Moving on to my next adventure

This is a post that I’ve both been looking forward to and dreading.

It’s likely going to be another long one, so for those of you who just want it short and bittersweet, here it is:

I will be leaving Fight Colorectal Cancer at the end of this year to join Convio’s Common Ground team.

Do you know anyone who lives in the Washington, DC area and reminds you of me, professionally speaking? Then please send them my way because we’re hiring a new me. I’m very fortunate that I don’t begin at Convio until January, giving us opportunity to have some overlap between my successor and me. We’re hoping to find someone who can start in early December. Normally one wouldn’t announce they’re leaving a job 4 months before their last day, but we’re telling the world in the hope of having the time to find just the right person to take over for me at FightCRC.

For my friends and family who care about the details, please read on.

Why am I leaving FightCRC?

This was entirely my decision, and has been coming on for some time. It has nothing whatsoever to do with my faith in the organization or my satisfaction with where things are heading. In fact, the organization has had an incredible surge in the past year or two thanks to both the rebranding and the efforts of my amazing colleagues. Colorectal cancer isn’t the death sentence it was in 1998 when my father was diagnosed. More people are getting screened. The issue is getting attention on Capitol Hill. And on a personal note, you can practically eat off the floor of my data.

I am so grateful to Colorectal Cancer Coalition’s founder Nancy Roach for taking a chance on me and mentoring me through the early years. I can’t sum up our friendship and working relationship in a few sentences. I have gotten to know (and lost) some awe-inspiring heroes in my journey. Watch this video and appreciate the brilliance and passion I’m leaving behind (Call-on Congress registration is now open if you’re interested in experiencing it first hand…highly recommend!):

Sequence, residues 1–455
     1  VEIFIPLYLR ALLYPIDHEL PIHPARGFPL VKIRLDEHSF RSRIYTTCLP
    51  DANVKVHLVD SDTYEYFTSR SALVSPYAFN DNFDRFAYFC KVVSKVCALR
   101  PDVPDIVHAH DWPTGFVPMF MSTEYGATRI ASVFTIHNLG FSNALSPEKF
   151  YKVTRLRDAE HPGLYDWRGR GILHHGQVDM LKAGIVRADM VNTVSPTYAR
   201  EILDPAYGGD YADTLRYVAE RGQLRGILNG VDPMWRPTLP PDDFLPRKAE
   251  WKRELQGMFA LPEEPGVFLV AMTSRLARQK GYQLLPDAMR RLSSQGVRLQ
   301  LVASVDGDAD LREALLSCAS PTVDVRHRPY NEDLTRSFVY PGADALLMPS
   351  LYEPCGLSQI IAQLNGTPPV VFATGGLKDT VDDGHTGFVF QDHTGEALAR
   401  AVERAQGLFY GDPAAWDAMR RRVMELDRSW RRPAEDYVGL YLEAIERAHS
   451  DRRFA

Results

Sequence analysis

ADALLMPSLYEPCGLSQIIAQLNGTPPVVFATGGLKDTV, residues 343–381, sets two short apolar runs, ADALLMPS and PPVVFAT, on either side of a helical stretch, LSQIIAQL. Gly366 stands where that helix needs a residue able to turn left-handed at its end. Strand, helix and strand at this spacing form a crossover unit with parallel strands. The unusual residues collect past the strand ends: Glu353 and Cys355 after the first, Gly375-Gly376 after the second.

It’s appropriate that I’m writing this during back-to-school week up here in the Northeast. I know how every parent of a new Kindergarten student feels, and not just because of my own kids. On one hand you’re really excited about having the time to pursue your own interests and have an independent life from your child, but on the other hand it’s so hard to let your kid go out in to the cold, mean world. In the end, you let your child go because you know that it’s good for them too.

Kids leave their Moms for school when they’re about 6 years old. Fight Colorectal Cancer is 6 years old. The organization needs someone managing day-to-day operations who is physically in the office more than once a month. Carlea (FightCRC’s President, my “work spouse” and dear, dear friend) needs a right hand she can touch with her left. She needs someone there with her to grow the organization’s reach well beyond where I’ve taken it. It’s time to put my baby on the bus and wave goodbye.

Getting involved with the founding of the Colon Cancer Alliance in 1999 and then joining Colorectal Cancer Coalition in 2005 was the only way I could live in a world without my father. While I will always be an advocate…and it will be the cause most important to me, I need some space from cancer for a while.

Finally, as much as I loved the experience of starting a nonprofit from nearly scratch, my passion is moving me in a different direction. I love nonprofit technology. I love data. I love figuring out how to get data in and out of systems and designing technical workflows to meet a nonprofit’s business needs and grow their mission. Writing fundraising copy, prepping for an audit, making sure the P&Ls and balance sheets all line up, juggling health insurance premiums…um, not so much with the love. I don’t hate it. I could probably do this job for the next 10 years and be okay. But when I’m lying in bed thinking about what awaits in my day, it’s the Salesforce stuff that has me most jazzed. Five years since I was first introduced to Salesforce and I’m still just as passionate about working on the platform and learning new tools and processes as I was in the beginning. I’m also passionate about community. I love feeling connected to organizations of different sizes and missions. Never gets old to me.